“A warrior doesn’t seek pain, but if it comes, he uses it.” Dan Millman’s Way of the Peaceful Warrior
I am convinced that whether it’s choosing to take time off running, or something really significant like an injury that requires longer time off, having a running break is not time wasted for a runner. After finishing a marathon training cycle in the spring, I was going into summer feeling pretty beat up, both physically and mentally. I had been focused on my last race and given it what I had at the time. I took the recommended seven days off from running immediately after the race, doing some walking and other cross training, but taking it easy (listen to this Tina4Real podcast for more on post-marathon recovery). My first run a week later felt heavy and sore. After a few weeks, I was feeling more normal in some ways, but something was off. I showed up for runs with my run group, but my heart wasn’t totally in it. We were now running during the hot and sticky summer months, which of course
feels requires some time to acclimate. I was doing some weight lifting trying to rebuild much of the muscle I had lost, having done little to no strength training during marathon training (This was a huge mistake on my part: see Kimberly’s post about how strength training helped her reach new levels).
We were coming upon a week long family vacation the first week in July, and I thought perhaps I needed a run vacation as well. I had just listened to the audio version of Let Your Mind Run by Deena Kastor, and was intrigued with her journey to reframe her negative thoughts. I had come upon another Tina4Real podcast where she recommended taking a week off running 18-20 weeks prior to beginning a new marathon training. My running coach Holly Kane said that taking a week off from the repetitive pounding gives the muscles, ligaments, and tendons time to properly heal, whereas only a day or two does not. It all seemed like the way to go.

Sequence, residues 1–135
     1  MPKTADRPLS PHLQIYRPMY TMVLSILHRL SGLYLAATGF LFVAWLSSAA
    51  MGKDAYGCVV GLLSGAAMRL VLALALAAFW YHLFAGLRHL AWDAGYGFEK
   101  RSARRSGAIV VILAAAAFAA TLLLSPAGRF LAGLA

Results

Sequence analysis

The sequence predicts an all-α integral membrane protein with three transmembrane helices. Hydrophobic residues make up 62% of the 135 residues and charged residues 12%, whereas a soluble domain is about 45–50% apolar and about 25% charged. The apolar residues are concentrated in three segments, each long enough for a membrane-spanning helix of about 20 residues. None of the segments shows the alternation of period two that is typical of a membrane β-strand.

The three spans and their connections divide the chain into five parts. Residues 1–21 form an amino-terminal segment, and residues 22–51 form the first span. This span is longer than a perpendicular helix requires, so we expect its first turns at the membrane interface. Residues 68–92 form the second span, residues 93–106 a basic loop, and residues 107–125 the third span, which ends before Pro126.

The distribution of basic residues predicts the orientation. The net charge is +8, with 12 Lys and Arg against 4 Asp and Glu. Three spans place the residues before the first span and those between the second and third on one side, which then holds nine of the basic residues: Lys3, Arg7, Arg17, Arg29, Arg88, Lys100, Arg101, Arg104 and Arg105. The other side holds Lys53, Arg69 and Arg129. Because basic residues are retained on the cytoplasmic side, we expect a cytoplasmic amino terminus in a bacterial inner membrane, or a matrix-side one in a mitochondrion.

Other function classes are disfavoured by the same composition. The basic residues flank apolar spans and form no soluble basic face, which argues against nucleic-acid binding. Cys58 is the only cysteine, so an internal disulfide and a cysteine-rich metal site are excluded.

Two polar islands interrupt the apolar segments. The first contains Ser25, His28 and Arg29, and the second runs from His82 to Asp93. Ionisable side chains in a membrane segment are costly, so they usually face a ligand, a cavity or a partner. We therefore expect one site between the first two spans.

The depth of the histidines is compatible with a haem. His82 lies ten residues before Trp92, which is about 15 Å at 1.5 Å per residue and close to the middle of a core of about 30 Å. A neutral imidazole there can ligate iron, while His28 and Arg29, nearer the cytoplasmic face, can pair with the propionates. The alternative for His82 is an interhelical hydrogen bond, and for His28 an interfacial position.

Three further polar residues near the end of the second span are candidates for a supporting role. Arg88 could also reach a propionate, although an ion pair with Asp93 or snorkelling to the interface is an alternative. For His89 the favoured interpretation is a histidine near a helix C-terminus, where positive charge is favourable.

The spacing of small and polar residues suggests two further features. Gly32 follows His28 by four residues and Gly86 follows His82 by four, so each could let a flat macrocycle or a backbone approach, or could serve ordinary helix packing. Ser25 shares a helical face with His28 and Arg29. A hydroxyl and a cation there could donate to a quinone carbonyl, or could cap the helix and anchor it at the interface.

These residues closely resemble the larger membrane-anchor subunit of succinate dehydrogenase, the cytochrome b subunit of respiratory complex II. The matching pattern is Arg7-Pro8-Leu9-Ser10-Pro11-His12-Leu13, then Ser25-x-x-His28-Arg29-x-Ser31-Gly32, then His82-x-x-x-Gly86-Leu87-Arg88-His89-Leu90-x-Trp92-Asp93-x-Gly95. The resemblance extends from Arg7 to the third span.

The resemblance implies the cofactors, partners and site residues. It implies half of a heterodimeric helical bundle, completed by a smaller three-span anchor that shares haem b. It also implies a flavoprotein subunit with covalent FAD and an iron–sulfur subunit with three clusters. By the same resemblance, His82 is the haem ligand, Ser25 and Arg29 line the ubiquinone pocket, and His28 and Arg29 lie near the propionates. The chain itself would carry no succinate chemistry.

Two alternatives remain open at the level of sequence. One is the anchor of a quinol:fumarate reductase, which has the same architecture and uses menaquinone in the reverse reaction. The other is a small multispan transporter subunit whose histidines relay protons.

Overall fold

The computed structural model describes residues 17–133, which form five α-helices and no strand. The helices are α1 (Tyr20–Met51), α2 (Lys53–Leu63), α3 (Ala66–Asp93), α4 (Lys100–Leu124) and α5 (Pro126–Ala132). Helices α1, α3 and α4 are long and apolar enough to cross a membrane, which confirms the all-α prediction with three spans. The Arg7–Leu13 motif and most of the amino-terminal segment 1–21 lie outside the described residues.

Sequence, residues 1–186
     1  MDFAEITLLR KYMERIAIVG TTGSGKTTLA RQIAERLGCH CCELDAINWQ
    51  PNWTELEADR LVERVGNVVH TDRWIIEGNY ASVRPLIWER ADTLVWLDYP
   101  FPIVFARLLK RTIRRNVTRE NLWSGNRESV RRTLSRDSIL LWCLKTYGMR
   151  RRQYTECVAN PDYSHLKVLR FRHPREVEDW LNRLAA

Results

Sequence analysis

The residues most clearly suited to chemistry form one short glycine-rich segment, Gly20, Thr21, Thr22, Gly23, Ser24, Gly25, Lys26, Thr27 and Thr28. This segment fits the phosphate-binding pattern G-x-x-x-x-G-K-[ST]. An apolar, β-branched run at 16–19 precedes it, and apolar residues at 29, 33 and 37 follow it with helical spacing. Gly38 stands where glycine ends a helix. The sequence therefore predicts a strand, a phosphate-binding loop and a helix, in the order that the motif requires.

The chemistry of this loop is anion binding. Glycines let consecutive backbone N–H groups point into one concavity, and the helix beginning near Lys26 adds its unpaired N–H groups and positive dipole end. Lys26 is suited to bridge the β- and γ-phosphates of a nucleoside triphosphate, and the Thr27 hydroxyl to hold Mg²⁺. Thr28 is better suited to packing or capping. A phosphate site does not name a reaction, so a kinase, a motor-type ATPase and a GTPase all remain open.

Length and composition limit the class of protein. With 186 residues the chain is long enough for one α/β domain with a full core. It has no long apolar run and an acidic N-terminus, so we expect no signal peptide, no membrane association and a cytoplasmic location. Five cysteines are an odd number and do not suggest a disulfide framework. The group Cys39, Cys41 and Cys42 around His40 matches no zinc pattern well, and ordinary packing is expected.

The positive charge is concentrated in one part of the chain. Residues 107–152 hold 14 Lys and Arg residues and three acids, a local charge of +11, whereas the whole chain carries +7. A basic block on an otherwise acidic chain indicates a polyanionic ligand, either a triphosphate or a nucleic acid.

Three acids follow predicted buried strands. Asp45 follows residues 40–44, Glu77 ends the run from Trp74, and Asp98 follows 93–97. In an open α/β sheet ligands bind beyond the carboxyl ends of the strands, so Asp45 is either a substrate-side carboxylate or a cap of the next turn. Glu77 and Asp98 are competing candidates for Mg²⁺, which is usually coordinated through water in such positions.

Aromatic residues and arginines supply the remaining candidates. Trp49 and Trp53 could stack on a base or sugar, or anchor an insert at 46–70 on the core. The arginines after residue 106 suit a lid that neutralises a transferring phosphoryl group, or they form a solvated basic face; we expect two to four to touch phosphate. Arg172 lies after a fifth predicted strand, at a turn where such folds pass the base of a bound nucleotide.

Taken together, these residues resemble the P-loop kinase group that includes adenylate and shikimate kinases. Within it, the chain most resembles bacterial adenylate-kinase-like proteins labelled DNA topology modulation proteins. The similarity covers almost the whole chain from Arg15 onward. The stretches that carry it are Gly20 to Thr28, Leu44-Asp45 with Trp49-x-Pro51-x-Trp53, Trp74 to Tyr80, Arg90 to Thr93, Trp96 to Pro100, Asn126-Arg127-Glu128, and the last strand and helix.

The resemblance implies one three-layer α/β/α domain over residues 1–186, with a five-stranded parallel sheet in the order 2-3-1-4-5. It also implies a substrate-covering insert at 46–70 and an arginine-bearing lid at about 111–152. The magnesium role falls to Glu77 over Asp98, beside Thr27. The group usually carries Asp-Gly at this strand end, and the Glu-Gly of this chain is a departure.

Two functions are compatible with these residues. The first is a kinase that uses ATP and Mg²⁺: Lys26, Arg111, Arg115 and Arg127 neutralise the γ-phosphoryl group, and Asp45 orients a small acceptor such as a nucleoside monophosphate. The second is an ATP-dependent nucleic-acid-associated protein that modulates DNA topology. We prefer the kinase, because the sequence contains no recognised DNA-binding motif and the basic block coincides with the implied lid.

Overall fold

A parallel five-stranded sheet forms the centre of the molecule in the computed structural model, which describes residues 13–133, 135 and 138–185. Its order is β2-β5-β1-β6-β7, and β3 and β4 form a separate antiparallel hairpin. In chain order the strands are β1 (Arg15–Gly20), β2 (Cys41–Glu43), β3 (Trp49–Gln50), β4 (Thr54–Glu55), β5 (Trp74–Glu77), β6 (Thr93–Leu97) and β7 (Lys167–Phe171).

Over vacation, I went for it. I did other things for exercise: lifted some weights, biked, walked the beach, kayaked, took a Barre class, did yoga on the beach at sunrise. It was lovely. I read books that strengthened a positive mindset. I took naps. I had already begun to practice meditation more regularly, but really decided to commit to it during this time, and beyond.
I came out of the week physically rejuvenated and feeling more positive about my training. I felt a new gratefulness for my body and its abilities to run and to do other activities that make me stronger. I remembered all the reasons why I started running in the first place. I was delighted when I went out for that first run…it felt harder, for sure. I am sure I lost a small amount of fitness during the time off, but the opportunity I gave myself to take the break allowed me to gain so much more.